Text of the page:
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Society

Mayor of Champlan Halts Burial of Roma Baby in his Town

Translated Monday 5 January 2015, by Gene Zbikowski

On Dec. 31, Christian Leclerc, the mayor (various right-wing parties) of Champlan, just south of Paris, rejected the burial in the town cemetery of a Roma infant that had died on Dec. 26. The family lives within the city limits.

Amid a lively argument, Christian Leclerc, the mayor (various right-wing parties) of Champlan, just south of Paris, denied on Jan. 4 that he had opposed the burial of a Roma baby in the town cemetery. “At no time did I oppose this burial. The story is a total fabrication,” he stated. “We had the choice [for the burial] between Corbeil and Champlan. I said OK on the morning of Dec. 31 for either of the scenarios,” he added. He believes that his response was incorrectly interpreted by the city administration.

The elected official, who has become the target of much criticism and has been accused of racism, thus contradicts the previous versions of events. “We don’t have much room available,” he had stated on Dec. 31 according to a report in Le Parisien newspaper. “Priority is given to those who pay their local taxes.”

Jacques Toubon, the ombudsman, stated on Jan. 4 on France Inter radio that he was shocked by the affair and said he was looking into the possibility of judicial proceedings.

“This is racism, xenophobia and stigmatization,” said Loïc Gandais, the president of the Association for Solidarity in the Essonne département with Roma and Romanian Families (ASEFRR), confirming the news in Le Parisien.

Little Maria Francesca, born on Oct. 14, 2014, died of sudden infant death syndrome in the night of Dec. 25-26.

The mother wanted to breast feed her at 5 a.m. and the little girl was cold. She was dead,” added Marie-Hélène Brelaud, a member of the ASEFRR, which has been working with the family for eight years.

The baby was then transported by the emergency services to a Corbeil-Essonnes hospital, where its death was officially registered on Dec. 26, she added. Two doctors explained to the family, in Mrs. Brelaud’s presence, that the baby had died of sudden infant death syndrome. The parents, who were “very affected emotionally,” have two boys, ages 5 and 9, who go to school in Champlan.

At the family’s request, a Corbeil-Essonnes funeral home requested authorization from the city administration to bury the infant in the Champlan cemetery.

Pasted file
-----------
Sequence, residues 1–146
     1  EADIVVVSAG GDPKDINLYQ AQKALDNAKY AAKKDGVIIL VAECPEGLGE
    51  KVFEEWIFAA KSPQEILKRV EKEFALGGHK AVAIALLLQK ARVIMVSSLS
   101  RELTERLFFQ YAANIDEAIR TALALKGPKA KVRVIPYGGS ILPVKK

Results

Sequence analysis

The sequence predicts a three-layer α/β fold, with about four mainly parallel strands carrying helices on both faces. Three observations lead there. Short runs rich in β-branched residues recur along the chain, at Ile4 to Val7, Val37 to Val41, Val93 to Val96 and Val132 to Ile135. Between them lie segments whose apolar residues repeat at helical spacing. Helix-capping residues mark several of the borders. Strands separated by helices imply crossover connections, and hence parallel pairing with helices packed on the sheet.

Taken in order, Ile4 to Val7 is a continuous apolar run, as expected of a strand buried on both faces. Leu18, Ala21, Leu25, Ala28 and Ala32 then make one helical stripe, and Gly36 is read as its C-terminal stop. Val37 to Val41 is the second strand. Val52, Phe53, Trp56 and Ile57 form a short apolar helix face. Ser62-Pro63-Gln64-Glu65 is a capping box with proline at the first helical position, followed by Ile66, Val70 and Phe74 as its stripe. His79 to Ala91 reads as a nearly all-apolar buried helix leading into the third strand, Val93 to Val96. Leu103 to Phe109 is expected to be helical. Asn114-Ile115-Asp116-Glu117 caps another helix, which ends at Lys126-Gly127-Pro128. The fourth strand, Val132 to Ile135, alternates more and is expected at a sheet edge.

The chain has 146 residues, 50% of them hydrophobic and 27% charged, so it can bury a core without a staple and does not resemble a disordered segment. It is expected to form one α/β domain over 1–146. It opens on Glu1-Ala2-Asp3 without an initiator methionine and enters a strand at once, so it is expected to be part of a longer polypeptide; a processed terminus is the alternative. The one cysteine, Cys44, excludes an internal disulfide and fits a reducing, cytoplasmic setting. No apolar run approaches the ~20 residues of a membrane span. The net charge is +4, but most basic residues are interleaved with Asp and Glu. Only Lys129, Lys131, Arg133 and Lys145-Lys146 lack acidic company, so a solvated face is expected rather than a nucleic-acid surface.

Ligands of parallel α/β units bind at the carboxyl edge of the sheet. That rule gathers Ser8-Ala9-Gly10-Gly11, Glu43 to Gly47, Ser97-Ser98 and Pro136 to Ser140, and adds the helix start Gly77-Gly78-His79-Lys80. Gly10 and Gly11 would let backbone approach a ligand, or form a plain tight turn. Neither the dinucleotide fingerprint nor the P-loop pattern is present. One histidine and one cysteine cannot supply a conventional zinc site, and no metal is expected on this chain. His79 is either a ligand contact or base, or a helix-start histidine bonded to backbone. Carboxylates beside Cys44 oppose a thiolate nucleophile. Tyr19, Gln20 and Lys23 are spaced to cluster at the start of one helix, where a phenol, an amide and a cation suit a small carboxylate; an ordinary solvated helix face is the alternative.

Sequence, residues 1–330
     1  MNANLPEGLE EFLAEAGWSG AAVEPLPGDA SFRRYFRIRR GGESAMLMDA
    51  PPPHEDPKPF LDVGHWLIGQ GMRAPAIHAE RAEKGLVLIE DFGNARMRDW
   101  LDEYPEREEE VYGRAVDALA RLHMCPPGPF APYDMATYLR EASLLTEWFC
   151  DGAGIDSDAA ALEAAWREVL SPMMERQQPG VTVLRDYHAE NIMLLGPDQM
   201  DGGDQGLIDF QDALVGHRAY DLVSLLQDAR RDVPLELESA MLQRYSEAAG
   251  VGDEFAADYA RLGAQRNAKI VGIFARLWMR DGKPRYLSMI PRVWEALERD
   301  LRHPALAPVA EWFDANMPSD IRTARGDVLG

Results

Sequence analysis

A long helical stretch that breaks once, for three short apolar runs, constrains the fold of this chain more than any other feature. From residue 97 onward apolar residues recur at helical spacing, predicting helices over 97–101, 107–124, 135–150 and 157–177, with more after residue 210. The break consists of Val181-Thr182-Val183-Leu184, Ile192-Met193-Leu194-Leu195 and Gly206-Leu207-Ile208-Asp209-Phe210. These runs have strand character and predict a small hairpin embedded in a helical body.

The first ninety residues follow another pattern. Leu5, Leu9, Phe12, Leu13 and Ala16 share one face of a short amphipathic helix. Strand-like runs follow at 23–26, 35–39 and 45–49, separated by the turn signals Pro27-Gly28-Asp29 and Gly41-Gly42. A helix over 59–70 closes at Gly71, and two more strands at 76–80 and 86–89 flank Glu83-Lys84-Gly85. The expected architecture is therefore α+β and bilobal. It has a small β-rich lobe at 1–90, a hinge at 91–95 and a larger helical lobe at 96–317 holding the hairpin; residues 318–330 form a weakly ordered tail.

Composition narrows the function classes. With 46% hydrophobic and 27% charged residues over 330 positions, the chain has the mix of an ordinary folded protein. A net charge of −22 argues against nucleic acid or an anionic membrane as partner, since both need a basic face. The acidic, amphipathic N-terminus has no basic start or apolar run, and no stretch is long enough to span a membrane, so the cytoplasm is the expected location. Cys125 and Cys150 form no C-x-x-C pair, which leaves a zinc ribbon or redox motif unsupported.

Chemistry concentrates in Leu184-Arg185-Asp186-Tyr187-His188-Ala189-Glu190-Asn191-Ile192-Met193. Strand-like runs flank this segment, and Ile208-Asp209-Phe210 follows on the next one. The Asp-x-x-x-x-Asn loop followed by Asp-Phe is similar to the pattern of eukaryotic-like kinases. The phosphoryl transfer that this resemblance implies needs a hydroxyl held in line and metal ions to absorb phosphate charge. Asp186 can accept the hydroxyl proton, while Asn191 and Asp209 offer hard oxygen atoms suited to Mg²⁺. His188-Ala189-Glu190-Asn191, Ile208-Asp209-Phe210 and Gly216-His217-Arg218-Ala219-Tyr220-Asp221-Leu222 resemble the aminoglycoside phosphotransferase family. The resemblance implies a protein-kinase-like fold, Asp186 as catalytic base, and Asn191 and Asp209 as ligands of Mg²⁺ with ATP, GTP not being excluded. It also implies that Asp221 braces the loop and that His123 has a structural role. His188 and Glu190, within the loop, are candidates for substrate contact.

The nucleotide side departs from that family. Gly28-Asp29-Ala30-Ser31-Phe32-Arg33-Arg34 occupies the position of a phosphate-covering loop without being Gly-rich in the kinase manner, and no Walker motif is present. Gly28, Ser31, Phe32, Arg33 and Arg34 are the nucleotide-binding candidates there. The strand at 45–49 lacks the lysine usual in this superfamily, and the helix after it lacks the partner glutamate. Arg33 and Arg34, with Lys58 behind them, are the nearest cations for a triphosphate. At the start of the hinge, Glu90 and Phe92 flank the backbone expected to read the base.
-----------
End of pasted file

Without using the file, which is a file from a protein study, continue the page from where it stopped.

But the mayor refused. He did not give “any explanation,” Julien Guenzi, the manager of the Lescarcelle funeral home in Corbeil, told Agence France Presse. “He isn’t obliged to give a justification, but answers like that are very rare,” he added.

Contacted by associations, the mayor of the town where the family lives claimed that the baby’s death had been registered in Corbeil-Essonnes in order to reject its burial in the cemetery closest to its parents place of residence.

The little girl was finally to be buried on Jan. 5 in Wissous, about seven kilometers (4.6 miles) from Champlan, following a funeral ceremony in Saint Paul’s church in Massy at 11 a.m.

The ASEFRR will assume the costs of the funeral, the family having bought the coffin, the association pointed out. The ASEFRR does not intend to file a complaint. “In moral terms, it’s absolutely debatable, but in legal terms, we won’t be able to do much,” Loïc Gandais said.

The law provides that the friends or family of a deceased person must request authorization for burial from the mayor of the town where the chosen cemetery is located. A deceased person may be buried in the town where he lived, the one where he died, or where a family vault is located. In any other case, the mayor can reject burial.

About 30 families, or around 80 people, occupy the ground in Champlan where the family lives. There is neither water, electricity nor garbage disposal. They officially reside at the Secours Catholique charity in the town of Les Ulis, the mayor having refused official residence of Roma families in his town.


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